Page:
Obote took refuge in Tanzania, from where, in 1972, he attempted unsuccessfully to regain the country through a military coup. Obote supporters within the Ugandan army, who were predominantly from the Acholi and Lango ethnic groups, were also involved in the coup. Amin responded by bombing Tanzanian towns, and purging the army of Acholi and Lango officers. The ethnic violence grew to include the whole of the army, and then Ugandan civilians, as Amin became increasingly paranoid. The Nile Mansions Hotel in Kampala became infamous as Amin's interrogation and torture center, and Amin is said to have moved residences regularly to avoid assassination attempts. Amin's killer squads, under the official titles of 'State Research Bureau' and 'Public Safety Unit' were responsible for tens of thousands of abductions, tortures and murders. Amin personally ordered the execution of the Anglican Archbishop of Uganda, Janani Luwum, the chief justice, the chancellor of Makerere College, governor of the Bank of Uganda, and several of his own parliamentary ministers.
Also in 1972, Amin declared "economic war" on Uganda's Asian population - they dominated Uganda's trade and manufacturing sectors, as well as forming a significant proportion of the civil service. Seventy thousand Asian holders of British passports were given three months to leave the country - the abandoned businesses were handed over to Amin's supporters. Amin severed diplomatic ties with Britain and 'nationalised' 85 British owned businesses. He also expelled Israeli military advisors, turning instead to Colonel Muammar Muhammad al-Gadhafi of Libya and the Soviet Union for support.
Links to the PLO
Idi Amin has been strongly linked to the Palestine Liberation Organisation, PLO. The abandoned Israeli embassy was offered to them as a potential headquarters; and it is believed that flight 139, the Air France A-300B Airbus hijacked from Athens in 1976, was invited by Amin to stop at Entebbe. The hijackers demanded the release of 53 PLO prisoners in return for the 256 hostages. On 3 July 1976 Israeli paratroopers attacked the airport and freed almost all the hostages. Uganda's air force was badly crippled during the raid as its fighter jets were destroyed to stop retaliation against Israel.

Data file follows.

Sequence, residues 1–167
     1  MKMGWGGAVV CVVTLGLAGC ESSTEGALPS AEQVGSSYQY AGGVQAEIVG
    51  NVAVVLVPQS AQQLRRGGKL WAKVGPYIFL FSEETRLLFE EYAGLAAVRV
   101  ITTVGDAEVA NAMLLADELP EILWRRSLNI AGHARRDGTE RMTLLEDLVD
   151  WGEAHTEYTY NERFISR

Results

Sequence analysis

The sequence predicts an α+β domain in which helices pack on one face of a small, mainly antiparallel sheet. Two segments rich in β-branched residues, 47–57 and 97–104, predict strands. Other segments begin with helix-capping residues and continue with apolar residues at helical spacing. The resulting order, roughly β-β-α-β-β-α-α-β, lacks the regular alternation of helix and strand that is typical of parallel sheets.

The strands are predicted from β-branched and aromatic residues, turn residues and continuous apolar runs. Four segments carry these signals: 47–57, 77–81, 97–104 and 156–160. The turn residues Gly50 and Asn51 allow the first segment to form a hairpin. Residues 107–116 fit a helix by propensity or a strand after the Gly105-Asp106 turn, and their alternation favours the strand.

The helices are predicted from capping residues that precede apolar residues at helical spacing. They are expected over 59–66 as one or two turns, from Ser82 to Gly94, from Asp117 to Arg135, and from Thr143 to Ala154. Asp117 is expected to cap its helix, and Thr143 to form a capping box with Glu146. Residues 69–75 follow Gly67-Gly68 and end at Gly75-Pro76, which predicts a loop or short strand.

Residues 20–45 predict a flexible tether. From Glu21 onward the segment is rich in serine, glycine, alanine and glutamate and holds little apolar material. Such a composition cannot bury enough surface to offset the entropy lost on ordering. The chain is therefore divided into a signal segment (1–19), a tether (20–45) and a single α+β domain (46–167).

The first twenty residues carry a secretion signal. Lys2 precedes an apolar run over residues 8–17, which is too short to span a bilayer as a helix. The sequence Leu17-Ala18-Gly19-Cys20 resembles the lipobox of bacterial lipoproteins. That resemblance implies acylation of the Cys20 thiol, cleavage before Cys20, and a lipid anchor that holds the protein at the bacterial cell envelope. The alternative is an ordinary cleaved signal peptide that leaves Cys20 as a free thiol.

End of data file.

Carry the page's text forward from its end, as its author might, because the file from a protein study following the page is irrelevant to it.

Amin -- the charismatic African Leader
Amin was considered by many to be a gregarious, charismatic leader, and was often portrayed by the international press as a popular African independence leader. In 1975 he was elected Chair of the Organisation of African Unity (though Julius Kambarage Nyerere, president of Tanzania, Kenneth David Kaunda , president of Zambia, and Seretse Khama, president of Botswana, did boycott the meeting). A United Nations condemnation was blocked by African heads of state.
Amin Becomes Increasingly Paranoid
Popular legend has Amin involved in Kakwa blood rituals and cannibalism. More authoritative sources suggest that he may have suffered from hypomania, a form of manic depression which is characterized by irrational behavior and emotional outbursts. As his paranoia became more pronounced he imported troops from Sudan and Zaire, until less than 25% of the army was Ugandan. As accounts of Amin's atrocities reached the international press, support for his regime faltered. (But only in 1978 did the United States shift its purchase of coffee from Uganda to neighboring states.) The Ugandan economy faltered and inflation reached an excess of 1,000 percent.
Ugandan Nationalists Reclaim the Nation
In October 1978, with the assistance of Libyan troops, Amin attempted to annex Kagera, the northern province of Tanzania (which shares a border with Uganda). The Tanzanian president, Julius Nyerere, responded by sending troops into Uganda, and with the aid of rebel Ugandan forces, the Ugandan capital of Kampala was captured. Amin fled to Libya, where he stayed for almost ten years, before finally relocating to Saudi Arabia, where he remained in exile.
Death in Exile
On 16 August 2003 Idi Amin Dada, the 'Butcher of Uganda', died in Jeddah, Saudi Arabia. The cause of death was reported to be 'multiple organ failure'. Although the Ugandan government announced that his body could be buried in Uganda, he was quickly buried in Saudi Arabia. He was never tried for gross abuse of human rights.
This article first went live 24 July 2003 with the url Http://africanhistory.about.com/library/biographies/blbio-amin.htm.